Parents with minor children create a last will and testament to make sure they can nominate individuals that are responsible for the custody and care of their children. While doing so, common questions about the process are:
(1) Who will take care of the kids?
(2) What happens to money left for the kids?
(3) How do we administer the assets and the children’s care?
This article should provide easy answers for parents (and others that are looking to care for minors) through an estate plan. More specifically, each of questions can be answered and the goals can be accomplished through a last will and testament.
Who will take care of the kids?
When estate planning, parents of minor children need to decide who will get custody of their kids, this is called, most commonly, a guardian. The individuals named as guardians will take legal guardianship of minor children.
There are both permanent and temporary guardians (most common for parents that want to name a permanent guardian that lives or is far away.) Obviously, this is a very important decision and parents creating last wills need to have a serious discussion of their children’s future.
Here are some tips for how to include these nominations in your last will:
- Both parents should have the same guardians and secondary guardians in their wills, that way, there is no confusion as to who gets custody of the children.
- Name an individual and a secondary guardian that is an individual. Naming couples can be a little dangerous, as down the line, an ex-in law could theoretically still be a co-guardian.
Who will take care of the money for the kids left in a last will?
Wills generally name the children as beneficiaries, with the assets going to a testamentary trust—of which you are the grantor—if the assets are transferred before the child /children reach a certain age. The trust is separate legal entity that is controlled by a trustee, who has fiduciary duties to the trust and children. Many states require a periodic update to the court on the children’s assets. Basically, the trustee takes care of the child's assets for the benefit of the child. As with guardianship, there should be a consistent order in naming trustees.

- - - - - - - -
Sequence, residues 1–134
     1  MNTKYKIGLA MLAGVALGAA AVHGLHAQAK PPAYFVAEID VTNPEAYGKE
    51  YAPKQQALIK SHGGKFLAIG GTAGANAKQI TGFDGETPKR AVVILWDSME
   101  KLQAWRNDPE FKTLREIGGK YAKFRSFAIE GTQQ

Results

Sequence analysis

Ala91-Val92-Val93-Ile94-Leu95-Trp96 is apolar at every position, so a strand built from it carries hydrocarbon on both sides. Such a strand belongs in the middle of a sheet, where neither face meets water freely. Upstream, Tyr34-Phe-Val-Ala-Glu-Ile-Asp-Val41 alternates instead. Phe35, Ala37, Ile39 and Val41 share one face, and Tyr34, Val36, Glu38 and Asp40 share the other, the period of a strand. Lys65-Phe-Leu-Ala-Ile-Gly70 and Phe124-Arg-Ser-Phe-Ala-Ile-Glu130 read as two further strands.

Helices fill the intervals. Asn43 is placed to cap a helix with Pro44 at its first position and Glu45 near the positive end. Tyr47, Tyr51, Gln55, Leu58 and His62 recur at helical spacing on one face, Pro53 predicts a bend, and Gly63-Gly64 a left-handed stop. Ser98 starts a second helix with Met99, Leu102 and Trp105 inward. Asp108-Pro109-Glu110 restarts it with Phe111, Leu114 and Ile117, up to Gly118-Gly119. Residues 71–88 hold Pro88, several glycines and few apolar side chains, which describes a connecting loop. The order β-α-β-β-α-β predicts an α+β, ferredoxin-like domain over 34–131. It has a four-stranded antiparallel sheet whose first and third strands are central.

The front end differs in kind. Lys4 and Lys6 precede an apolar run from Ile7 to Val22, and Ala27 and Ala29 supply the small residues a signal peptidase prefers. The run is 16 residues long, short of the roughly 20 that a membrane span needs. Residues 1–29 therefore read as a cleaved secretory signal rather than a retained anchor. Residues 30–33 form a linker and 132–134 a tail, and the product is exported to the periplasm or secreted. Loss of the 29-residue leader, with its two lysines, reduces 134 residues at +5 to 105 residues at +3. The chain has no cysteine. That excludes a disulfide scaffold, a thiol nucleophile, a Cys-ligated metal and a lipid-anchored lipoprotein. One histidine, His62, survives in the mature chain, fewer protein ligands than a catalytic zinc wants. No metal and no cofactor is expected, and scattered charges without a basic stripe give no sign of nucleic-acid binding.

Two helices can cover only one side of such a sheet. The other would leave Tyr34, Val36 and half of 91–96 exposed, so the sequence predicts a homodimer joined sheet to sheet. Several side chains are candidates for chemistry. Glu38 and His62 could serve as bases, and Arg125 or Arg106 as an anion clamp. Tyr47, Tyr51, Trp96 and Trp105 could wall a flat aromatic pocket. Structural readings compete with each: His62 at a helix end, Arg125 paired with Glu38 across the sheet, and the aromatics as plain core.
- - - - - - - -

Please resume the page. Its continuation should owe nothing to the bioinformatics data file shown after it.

There are two schools of thought about naming trustees:
(1) some believe it's good to have the guardian also serve as the trustee, as the guardian will have knowledge of the children’s day-to-day needs—this may not be the best case where the guardian is not good with money or has financial problems
(2) some also believe that having a separate trustee will provide some oversight and balance to how the children are raised.
Either way, it’s each family’s personal decision about who should be named. Familial relationships and cooperation should be strongly considered. If there is no good choice, a corporate trustee, such as a bank, may be an option.
How does guardianship pass and how are assets transferred?
So how do your children and their assets get into the custody of your guardian and trustee? Initially, perhaps the most important job here is that of the executor. Depending on your state, this role can be referred to as the executor of the estate, executor of the will, personal representative, or by other names, but the concept is the same. The will executor is the person who “probates the will,” meaning he or she files the necessary documents in probate, usually through an attorney, to start the process of both transferring the assets and legal guardianship.
Generally, the secondary executors for a husband and wife are different, because naming in-laws can have some unintended consequences.
While each role is very different, the roles are important as they each achieve the goals set forth above, namely making sure your children are taken care of in the event that you are not around.
LegalZoom can help you create a will online, if you don't have one in place. Get started by answering a few simple questions. We will prepare your last will and testament package and send it to you.
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